National Pollutant Release Inventory Substance Overview: Volatile organic compounds

Every year, businesses, institutions and other facilities across Canada must report their releases and disposals of pollutants to air, water and land to the National Pollutant Release Inventory (NPRI). The publicly available information helps governments set environmental priorities and monitor environmental performance. It also provides Canadians with an opportunity to learn about pollution in their neighbourhoods.

Volatile organic compounds (VOCs) are part of the NPRI’s Substance Overview Series. This substance overview explores VOCs released, disposed of and transferred by various industries in Canada. It also summarizes what facilities do to mitigate their environmental impacts.


VOCs are a large group of chemicals that can be emitted from different natural sources and human activities. While there are thousands of compounds that meet this definition, the VOCs reported to the NPRI are those that participate in chemical reactions in the air and are harmful to human health and the environment. VOCs are precursors in the formation of ground-level ozone (O3) and particulate matter (PM), the two main components of smog.

Some common VOCs include:

Effects of VOCs

How are we exposed to VOCs?

VOCs are mostly emitted to air through manufacturing processes, vehicle emissions, the burning of fossil fuels, and the evaporation of solvents found in various consumer and commercial products. This means that they are released from facilities from a number of industrial sectors.

Consumer and commercial products, like paints and varnishes, are a key source of VOC emissions in urban areas. While these products are minor sources of VOCs, together they contribute significantly to the presence of VOCs in the atmosphere and the formation of ozone and particulate matter.

What are the effects of VOCs?

The health effects of VOCs vary considerably from one chemical to another, and are also dependent on the level and duration of exposure.

Levels of VOCs are typically higher in indoor air as compared to outdoor air. Some people may be more susceptible to the health effects associated with exposure to VOCs in indoor air, such as those with asthma. Research is ongoing to better understand health effects from long-term exposure to low levels of VOCs.

Adverse health and environmental effects from VOC exposure are experienced across Canada due to the formation of other air pollutants, including ground-level ozone and particulate matter. Health effects may include respiratory and cardiac symptoms that can lead to premature deaths each year, as well as increased hospital visits, doctor visits, and lost days at work and school.

Scientific evidence suggests that ground-level ozone can have harmful environmental impacts such as reductions in agricultural crop and commercial forest yields. This is because ozone absorbed through plants’ pores and leaves can cause direct physical damage leading to premature aging, reduced cycling of carbon dioxide and reduced growth. Ozone and particulate matter can also have negative, indirect effects on wildlife through influences on vegetation, soil conditions and changes to habitats on which they depend.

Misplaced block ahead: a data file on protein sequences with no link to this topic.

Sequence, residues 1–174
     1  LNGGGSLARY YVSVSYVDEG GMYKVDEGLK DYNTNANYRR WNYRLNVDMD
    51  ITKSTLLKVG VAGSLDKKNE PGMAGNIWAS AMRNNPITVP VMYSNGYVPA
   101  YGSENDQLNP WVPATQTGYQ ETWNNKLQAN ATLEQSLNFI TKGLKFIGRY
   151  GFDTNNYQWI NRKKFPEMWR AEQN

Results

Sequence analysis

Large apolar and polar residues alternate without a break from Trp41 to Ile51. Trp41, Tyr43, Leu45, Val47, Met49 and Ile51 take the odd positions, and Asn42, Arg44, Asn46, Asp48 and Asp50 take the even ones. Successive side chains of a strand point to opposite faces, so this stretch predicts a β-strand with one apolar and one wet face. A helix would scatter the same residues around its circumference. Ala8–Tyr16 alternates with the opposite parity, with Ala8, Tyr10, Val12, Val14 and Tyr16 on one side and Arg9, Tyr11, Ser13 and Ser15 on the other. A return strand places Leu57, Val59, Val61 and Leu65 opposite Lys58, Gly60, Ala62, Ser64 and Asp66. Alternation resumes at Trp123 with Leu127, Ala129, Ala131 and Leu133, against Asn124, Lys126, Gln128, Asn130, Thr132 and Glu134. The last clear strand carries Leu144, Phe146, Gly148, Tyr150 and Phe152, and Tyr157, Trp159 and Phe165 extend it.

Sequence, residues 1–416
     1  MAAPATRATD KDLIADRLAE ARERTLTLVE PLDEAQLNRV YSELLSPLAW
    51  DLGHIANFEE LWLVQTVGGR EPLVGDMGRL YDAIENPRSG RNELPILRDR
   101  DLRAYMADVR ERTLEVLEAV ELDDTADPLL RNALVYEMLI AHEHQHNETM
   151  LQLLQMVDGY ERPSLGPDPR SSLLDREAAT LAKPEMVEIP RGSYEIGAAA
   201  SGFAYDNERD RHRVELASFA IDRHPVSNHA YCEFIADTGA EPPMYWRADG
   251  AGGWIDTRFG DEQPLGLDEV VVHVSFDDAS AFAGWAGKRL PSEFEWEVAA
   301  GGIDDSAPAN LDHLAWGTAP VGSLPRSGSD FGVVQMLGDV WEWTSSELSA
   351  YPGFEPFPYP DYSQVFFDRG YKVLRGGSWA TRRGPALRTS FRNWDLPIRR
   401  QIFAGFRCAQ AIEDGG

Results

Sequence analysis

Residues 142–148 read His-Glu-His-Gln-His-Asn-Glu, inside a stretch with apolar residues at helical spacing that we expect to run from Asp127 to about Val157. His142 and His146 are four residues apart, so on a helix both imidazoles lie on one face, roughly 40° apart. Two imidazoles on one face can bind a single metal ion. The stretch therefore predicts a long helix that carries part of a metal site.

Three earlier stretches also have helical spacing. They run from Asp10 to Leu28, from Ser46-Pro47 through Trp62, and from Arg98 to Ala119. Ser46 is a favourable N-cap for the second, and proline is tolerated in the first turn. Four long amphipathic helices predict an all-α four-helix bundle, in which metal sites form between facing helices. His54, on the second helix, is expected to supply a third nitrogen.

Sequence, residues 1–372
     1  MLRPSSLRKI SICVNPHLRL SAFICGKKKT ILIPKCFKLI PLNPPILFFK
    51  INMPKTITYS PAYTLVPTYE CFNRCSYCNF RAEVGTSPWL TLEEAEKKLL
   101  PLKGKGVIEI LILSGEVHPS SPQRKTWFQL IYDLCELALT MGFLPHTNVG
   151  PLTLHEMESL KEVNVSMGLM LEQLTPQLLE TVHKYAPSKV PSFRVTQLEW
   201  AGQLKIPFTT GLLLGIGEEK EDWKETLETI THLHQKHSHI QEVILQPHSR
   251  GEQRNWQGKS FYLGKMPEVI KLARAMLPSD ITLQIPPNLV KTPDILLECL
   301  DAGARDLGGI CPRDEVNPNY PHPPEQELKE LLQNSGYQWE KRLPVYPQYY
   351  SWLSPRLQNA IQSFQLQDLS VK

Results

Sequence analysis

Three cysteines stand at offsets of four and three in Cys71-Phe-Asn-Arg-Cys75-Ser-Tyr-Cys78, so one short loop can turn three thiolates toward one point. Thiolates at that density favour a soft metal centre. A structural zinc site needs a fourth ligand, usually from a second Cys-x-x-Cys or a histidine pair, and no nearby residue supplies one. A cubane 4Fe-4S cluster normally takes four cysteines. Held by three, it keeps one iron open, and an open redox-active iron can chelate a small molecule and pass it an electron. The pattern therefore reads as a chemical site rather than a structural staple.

Facilities that report VOCs to the NPRI

In 2019, 3,736 facilities reported releases of VOCs to the NPRI. These covered several different industrial sectors, Conventional Oil and Gas Extraction (excluding Oil Sands) and Other Manufacturing were the most frequent with 2,434 and 245 facilities, respectively. The Conventional Oil and Gas Extraction sector increased significantly from 374 facilities in 2017. This was due to changes in NPRI reporting requirements such as change in thresholds and added speciated VOCs.

A number of VOC-emitting facilities are located along the Great Lakes and, the St. Lawrence River, where significant industrial activity takes place.

There is a high concentration of Conventional Oil and Gas Extraction facilities located in southern Saskatchewan, Alberta, and northeastern British Columbia. The oil sands facilities are mostly located in northeastern Alberta. British Columbia has many forestry-related facilities spread throughout the interior of the province.

NPRI facility locations that released VOCs in 2019

NPRI facility locations that released volatile organic compounds in 2019
Long Description
NPRI Facility locations that released VOCs in 2019
Province Number of Facilities
Alberta 1,951
British Columbia
Manitoba 44
New Brunswick 27
Newfoundland and Labrador 16
Northwest Territories
Nova Scotia
Nunavut 1
Prince Edward Island
Quebec 310
Saskatchewan 574
Yukon 1
Total 3,736

Releases to air

In 2019, 241,660 tonnes of VOCs were released to air by facilities that reported to the NPRI. This represents approximately a 10% increase from 2010 levels (216,472 tonnes).

The oil sands sector emits the largest quantity of VOCs, with over 110,856 tonnes in 2019. Within the Alberta oil sands, fugitive emissions, tailings ponds and open mine faces, mining vehicle fleets, stacks and other non-industrial emissions are the key sources of VOC releases. For more information on oil sands operations, view our oil sands extraction sector overview.

Total release of VOCs by NPRI facilities in 2019

Total Releases of VOCs by NPRI facilities in 2019
Long Description
Legend - total releases to Air (tonnes)

Government actions on VOCs

The Government of Canada has put in place a wide range of regulatory and non-regulatory measures in collaboration with provincial and territorial governments, industry and other stakeholders as part of a comprehensive risk management strategy for VOCs.